This collection contains over 30 letters from World War One published in The Nanaimo Daily News, a local newspaper published in Nanaimo, British Columbia. Newspapers across Canada regularly printed letters home from overseas, either letters written directly to the newspaper by the soldiers, or first written to the family and then contributed to the paper by the family. Collections such as those from The Nanaimo Daily Free Press provide a fascinating look at the relationship of community and war as played out in the pages of the local newspaper. The dates for which the letters are listed represent the dates on which they were published, as the original dates of the letters are not always indicated. Where the original date of writing is known it will be part of the letter text. Introductions to the letters and editorial comments as they appeared in the newspaper have been left as published. All transcriptions have been taken from copies on microfilm and as such there are no scans for this collection.
These collections contains any material relating to Canada from 1914 to 1918 from either the home front or the battlefront. External links in collection descriptions are either to online attestation papers at Library and Archives Canada or casualty and burial information at the Commonwealth War Graves Commission.
Andrew John (Jack) Napier was born in Scotland in 1884. He later emigrated to Canada and enlisted in Winnipeg on September 1, 1915. He was discharged in 1919. The collection consists of one letter, his discharge certificate, and several photographs.
Norman Cecil Nayler in Marmora, Ontario in October, 1898, and enlisted in Marmora in March, 1917. He served overseas with the Canadian Forestry Corps and returned to Canada in 1919. The collection consists of one photograph and three letters written by Nayler while in France.
Shorey Johnson Neville was born in Cottonwood, Saskatchewan in September, 1888. Neville enlisted at Moose Jaw, Saskatchewan in May, 1916 and then served overseas in France until he was injured and sent to England. Due to his injuries he remained in England with the Khaki University until demobilization, at which time he returned to Canada. The collection consists of ten letters written from 1916 to 1917.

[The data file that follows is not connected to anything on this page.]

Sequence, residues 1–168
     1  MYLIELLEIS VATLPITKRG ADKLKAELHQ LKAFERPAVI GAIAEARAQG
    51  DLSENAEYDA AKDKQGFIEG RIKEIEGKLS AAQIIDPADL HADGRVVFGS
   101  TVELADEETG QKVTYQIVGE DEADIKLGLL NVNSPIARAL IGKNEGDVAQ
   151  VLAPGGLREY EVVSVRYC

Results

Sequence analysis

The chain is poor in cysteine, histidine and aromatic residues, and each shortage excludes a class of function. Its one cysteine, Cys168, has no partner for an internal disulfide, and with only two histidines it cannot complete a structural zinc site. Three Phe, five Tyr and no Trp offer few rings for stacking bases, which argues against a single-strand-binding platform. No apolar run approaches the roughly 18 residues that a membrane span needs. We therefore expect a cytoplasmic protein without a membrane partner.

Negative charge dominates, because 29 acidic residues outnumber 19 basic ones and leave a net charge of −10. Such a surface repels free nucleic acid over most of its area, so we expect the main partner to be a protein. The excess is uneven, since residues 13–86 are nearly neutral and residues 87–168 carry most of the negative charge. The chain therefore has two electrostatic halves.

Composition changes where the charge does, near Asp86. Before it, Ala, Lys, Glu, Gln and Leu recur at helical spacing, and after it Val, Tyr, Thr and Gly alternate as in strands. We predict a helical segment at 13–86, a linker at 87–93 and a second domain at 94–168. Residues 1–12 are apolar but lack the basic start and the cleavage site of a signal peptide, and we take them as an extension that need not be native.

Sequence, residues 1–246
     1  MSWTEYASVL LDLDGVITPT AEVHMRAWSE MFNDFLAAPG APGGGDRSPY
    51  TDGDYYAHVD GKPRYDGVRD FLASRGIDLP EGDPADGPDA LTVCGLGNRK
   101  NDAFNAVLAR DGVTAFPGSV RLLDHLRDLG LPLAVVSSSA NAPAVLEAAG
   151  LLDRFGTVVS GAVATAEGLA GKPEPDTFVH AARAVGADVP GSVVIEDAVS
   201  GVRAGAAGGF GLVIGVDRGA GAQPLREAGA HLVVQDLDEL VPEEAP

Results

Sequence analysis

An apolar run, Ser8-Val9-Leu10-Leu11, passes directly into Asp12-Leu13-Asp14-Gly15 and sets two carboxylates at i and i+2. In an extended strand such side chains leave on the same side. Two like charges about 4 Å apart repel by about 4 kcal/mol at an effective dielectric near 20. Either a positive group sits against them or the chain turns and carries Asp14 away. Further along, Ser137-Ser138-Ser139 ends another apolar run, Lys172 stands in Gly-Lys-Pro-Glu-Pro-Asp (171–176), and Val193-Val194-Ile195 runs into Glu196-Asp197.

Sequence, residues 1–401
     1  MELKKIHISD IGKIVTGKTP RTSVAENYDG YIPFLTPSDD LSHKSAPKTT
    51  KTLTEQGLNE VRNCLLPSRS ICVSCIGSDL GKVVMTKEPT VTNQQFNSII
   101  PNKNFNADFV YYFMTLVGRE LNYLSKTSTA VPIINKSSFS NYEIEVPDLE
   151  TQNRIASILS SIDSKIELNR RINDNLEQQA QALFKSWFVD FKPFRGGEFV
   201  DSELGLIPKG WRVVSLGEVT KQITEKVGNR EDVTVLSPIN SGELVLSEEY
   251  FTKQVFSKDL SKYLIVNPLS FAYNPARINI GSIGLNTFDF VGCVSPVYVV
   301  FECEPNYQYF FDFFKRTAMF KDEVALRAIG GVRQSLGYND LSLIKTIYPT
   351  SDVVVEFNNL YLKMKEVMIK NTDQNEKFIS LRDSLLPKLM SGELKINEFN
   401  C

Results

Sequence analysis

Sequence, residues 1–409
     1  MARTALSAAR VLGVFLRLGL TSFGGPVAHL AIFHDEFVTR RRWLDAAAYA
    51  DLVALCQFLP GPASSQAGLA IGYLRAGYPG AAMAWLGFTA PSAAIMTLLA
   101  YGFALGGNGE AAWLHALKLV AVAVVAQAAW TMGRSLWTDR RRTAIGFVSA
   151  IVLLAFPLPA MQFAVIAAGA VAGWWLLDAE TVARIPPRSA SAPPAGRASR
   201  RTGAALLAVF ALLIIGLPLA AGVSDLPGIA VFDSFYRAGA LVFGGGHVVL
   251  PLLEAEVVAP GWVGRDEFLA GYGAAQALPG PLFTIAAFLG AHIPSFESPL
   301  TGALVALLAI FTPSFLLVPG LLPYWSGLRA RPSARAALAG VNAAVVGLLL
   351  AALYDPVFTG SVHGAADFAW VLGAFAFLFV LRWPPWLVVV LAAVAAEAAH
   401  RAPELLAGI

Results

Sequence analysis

This collection includes letters from area soldiers published in The Speaker, as well as other articles from that paper pertaining to local soldiers and activities in the town. Overall the collection provides an excellent sense of the connection that a small town in Ontario had to World War One through the pages of its local paper. Whenever possible we have linked the names of individuals appearing in the paper with their attestation papers and/or their commemoration through the Commonwealth War Graves Commission.
The Canadian Letters and Images Project is indebted to Dion Loach for graciously sharing his research.
Peter Newman was born in Leyton, England in 1895 and emigrated to Toronto, Canada in 1913. He enlisted in September, 1914 and served overseas in France and Belgium. Lance Corporal Newman was killed on June 6, 1916. As he has no known grave his name is listed on the Menin Gate, a memorial listing more than 58,000 individuals who died on the Ypres Salient and whose bodies were never found. The collection consists of five letters home from Newman, seveal letters of condolence following his death, photographs, postcards, a songbook, and other miscellaneous items.
John Newton was born in Limehouse, Ontario in 1887. He attended The University of Toronto where he was the captain of the University of Toronto football team that won the first Grey Cup in 1909 and then coached the Toronto Argonauts for three years prior to the war. Newton enlisted in May, 1916 and served overseas with the Canadian Field Artillery until the end of the war. He was awarded the Military Cross for actions on September 30, 1918. The collection consists of two letters to his wife, several photographs, and his diary from 1916 to 1918.
Fred Nickle studied medicine at The University of Toronto and joined the British Navy to serve as a Surgeon Probationer. He served in England and at the end of the war returned to Madoc, Ontario where he practised medicine. The collection consists of eight letters written between 1918 and 1919 to his cousin Helen Davis. Other correspondents to Davis include the Daniel Austin Lane collection, the Gordon Shrum collection, and the William Grassie collection.
This collection consists of three letters from the North Shore Archives, Tatamagouche, Nova Scotia, dated between December 1916 and November 11, 1918.